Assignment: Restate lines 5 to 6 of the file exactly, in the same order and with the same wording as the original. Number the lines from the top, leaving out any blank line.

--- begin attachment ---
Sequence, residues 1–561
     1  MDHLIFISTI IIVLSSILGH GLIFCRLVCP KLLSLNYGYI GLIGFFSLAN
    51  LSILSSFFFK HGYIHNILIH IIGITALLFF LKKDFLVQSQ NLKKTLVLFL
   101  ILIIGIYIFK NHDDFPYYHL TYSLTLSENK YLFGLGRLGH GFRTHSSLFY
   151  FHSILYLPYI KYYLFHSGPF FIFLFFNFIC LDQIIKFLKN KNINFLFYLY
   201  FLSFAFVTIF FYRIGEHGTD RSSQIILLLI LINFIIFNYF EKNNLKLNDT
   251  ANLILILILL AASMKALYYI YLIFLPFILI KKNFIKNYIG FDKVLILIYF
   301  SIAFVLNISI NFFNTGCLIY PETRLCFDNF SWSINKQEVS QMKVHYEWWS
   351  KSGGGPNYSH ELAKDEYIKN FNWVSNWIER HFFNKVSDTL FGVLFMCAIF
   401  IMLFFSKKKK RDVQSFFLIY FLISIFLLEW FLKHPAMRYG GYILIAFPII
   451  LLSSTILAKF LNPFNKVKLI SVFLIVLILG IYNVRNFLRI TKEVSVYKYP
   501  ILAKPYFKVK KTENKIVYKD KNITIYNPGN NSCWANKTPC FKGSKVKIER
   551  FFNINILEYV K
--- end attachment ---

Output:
   151  FHSILYLPYI KYYLFHSGPF FIFLFFNFIC LDQIIKFLKN KNINFLFYLY
   201  FLSFAFVTIF FYRIGEHGTD RSSQIILLLI LINFIIFNYF EKNNLKLNDT